Quick Thoughts, vi. The Joy of Being Despised by Christians

Upon even the most casual of readings of the New Testament, it is impossible to miss the clear reality that those who follow Christ are promised that they will suffer and be despised for following him. These things simply come with the territory. Jesus declares that we who follow him should not to be alarmed at this, for he says, “A servant is not greater than his master; if they persecuted me, they will also persecute you” (Jn. 15:20a). Paul also declares that our suffering is of Providential and salvific necessity, writing, “The Spirit bears witness with our spirit that we are children of God, and if we are children, we are heirs—heirs of God and fellow heirs with Christ, provided that we suffer with him so that we might also be glorified with him” (Rom. 8:17, variation mine). Our suffering and revilement is made to be necessary by our association with Christ and is ordained to be necessary by the nature of the Gospel.

One point that might not be so obvious about our suffering and revilement as followers of Christ is from whom it will come. We tend to think that if we are going to suffer and be reviled as Christians, we are going to suffer and be reviled by atheists, Muslims, etc. However, the longer that I live and the more that I read the Scriptures, it seems to me that a good part if not a majority of our suffering and revilement will come at the hands of those who call themselves Christians. Why do I say that? Look at those who persecuted Christ. It was not the Samaritans, the Romans, or the Gentiles who criticized, despised, and persecuted Christ through the Gospels, it was those who claimed to be awaiting the Messiah. Christ intimates this in Matthew 5, “Great is your reward in heaven, for so they persecuted the prophets who were before you.” Christ says that just as they—religious Jews, persecuted and killed the prophets, so they—religious Christians, will persecute you if you follow hard after Christ. For if the Pharisees, who knew the Scriptures and built monuments to the prophets, killed the Prophet, why should we be shocked if many of those who cry out, “Lord, Lord!” despise and ridicule us who actually follow Christ and his teachings?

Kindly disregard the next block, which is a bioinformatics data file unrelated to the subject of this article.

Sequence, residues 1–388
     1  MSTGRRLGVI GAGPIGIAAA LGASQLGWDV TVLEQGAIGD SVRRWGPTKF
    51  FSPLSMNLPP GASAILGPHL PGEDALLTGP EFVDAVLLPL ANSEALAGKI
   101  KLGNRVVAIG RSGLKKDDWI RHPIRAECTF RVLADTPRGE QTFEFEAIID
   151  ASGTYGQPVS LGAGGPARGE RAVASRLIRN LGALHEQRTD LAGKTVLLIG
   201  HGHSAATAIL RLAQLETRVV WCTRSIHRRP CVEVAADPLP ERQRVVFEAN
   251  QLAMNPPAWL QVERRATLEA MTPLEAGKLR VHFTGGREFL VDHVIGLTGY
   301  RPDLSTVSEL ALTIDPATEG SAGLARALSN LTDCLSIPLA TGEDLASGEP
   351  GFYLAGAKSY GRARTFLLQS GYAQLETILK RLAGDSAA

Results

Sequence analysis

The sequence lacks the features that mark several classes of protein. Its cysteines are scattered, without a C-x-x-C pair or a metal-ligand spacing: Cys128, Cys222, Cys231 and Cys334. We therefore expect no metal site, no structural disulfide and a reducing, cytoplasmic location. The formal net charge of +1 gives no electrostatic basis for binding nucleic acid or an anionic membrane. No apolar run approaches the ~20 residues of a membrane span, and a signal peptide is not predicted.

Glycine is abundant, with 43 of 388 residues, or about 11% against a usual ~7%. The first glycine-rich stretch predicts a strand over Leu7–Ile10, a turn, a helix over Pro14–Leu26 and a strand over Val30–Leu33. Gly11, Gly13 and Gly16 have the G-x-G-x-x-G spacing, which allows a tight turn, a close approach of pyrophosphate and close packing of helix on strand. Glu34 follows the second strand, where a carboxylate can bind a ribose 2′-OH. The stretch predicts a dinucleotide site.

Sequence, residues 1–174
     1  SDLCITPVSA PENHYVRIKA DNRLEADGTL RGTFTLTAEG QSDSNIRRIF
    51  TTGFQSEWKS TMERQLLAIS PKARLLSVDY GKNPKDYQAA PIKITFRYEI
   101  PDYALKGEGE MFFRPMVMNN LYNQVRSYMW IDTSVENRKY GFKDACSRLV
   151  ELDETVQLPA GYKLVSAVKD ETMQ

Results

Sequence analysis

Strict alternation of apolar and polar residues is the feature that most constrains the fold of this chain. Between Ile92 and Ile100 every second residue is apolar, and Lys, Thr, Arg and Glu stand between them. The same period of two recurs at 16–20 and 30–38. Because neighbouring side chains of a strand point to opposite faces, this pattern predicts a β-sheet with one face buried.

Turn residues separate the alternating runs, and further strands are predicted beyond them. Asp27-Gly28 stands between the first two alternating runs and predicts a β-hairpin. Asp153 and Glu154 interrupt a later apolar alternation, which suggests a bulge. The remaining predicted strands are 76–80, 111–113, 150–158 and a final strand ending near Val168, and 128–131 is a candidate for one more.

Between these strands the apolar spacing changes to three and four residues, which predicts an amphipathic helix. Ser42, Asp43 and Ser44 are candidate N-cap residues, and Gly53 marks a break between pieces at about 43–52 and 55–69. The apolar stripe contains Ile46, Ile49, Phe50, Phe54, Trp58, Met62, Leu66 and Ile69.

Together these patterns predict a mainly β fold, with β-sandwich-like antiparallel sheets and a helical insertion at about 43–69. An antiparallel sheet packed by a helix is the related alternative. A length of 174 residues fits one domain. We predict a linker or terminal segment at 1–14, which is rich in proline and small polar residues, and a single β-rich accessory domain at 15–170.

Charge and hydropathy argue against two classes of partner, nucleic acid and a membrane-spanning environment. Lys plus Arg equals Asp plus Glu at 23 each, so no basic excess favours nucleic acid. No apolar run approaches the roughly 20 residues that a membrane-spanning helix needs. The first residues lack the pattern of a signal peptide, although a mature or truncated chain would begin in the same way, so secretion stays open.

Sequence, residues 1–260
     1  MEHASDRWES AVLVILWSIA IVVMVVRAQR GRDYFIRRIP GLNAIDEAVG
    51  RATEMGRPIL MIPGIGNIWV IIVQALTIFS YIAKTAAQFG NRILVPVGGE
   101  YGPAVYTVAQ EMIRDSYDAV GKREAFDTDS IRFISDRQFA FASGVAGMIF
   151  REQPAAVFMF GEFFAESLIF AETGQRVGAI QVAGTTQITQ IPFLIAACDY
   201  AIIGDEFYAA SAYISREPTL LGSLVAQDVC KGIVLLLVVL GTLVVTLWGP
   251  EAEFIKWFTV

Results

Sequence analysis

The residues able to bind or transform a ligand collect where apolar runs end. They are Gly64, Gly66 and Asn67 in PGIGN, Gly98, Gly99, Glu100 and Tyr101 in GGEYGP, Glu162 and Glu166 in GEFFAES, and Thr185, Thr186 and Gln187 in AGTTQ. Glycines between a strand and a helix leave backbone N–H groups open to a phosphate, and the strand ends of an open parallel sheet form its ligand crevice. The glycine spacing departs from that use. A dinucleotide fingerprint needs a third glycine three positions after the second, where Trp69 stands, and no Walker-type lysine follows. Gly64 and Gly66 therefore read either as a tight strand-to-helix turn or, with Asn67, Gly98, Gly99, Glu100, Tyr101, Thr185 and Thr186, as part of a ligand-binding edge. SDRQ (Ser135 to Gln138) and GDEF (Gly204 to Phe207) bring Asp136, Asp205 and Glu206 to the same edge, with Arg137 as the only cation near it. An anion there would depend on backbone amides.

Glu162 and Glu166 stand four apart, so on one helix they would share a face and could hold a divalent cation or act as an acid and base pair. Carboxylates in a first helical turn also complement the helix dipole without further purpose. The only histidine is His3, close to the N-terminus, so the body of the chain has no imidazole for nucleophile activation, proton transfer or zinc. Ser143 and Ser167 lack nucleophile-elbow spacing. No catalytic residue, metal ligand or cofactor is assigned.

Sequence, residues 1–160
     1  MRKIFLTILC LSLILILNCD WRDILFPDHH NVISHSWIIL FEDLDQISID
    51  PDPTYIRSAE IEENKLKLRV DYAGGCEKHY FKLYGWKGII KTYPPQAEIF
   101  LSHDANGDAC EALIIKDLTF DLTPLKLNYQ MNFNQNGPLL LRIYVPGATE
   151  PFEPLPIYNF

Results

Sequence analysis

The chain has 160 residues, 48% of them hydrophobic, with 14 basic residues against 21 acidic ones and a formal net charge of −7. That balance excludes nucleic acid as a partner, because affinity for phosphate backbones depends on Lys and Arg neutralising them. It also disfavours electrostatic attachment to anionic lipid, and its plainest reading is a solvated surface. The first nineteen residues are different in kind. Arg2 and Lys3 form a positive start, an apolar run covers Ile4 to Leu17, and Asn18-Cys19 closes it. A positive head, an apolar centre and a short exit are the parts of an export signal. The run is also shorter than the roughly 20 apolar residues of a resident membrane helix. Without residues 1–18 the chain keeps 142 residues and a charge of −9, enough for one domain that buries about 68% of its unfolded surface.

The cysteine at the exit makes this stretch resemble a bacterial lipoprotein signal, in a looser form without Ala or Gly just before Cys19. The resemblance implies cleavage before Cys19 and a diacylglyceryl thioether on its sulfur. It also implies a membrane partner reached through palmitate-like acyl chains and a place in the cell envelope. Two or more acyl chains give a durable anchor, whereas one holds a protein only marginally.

When these things happen—when those whom you respect and love in the Church turn on you and say all kinds of evil about you behind your back simply because you are striving to follow Christ with all your heart, with all your soul, and with all your might, take refuge in this trustworthy statement by our Lord: “Blessed are you when others revile you and persecute you and utter all kinds of evil against you falsely on my account. Rejoice and be glad, for your reward is great in heaven, for so they persecuted the prophets who were before you” (Mt. 5:11, 12).

Categories: Quick Thoughts

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3 replies

  1. interesting post

    I think this could fall inline with the fact that many "Christians" are not really Christians at all and call most hardcore Bible believing Christians radicals, Jesus freak, etc etc…

    These are the "religious"people of our day, and the radical Jesus followers are looked down upon.



  2. I agree. I was about to say that this probably isn't the case in places like China or India where there is persecution of the Church, but then I thought about the New Testament Christians and how much they suffered, and yet Paul was still getting grief from those who called themselves Christians. I suppose that it is just a matter of life.

    Thanks for the input, brother.


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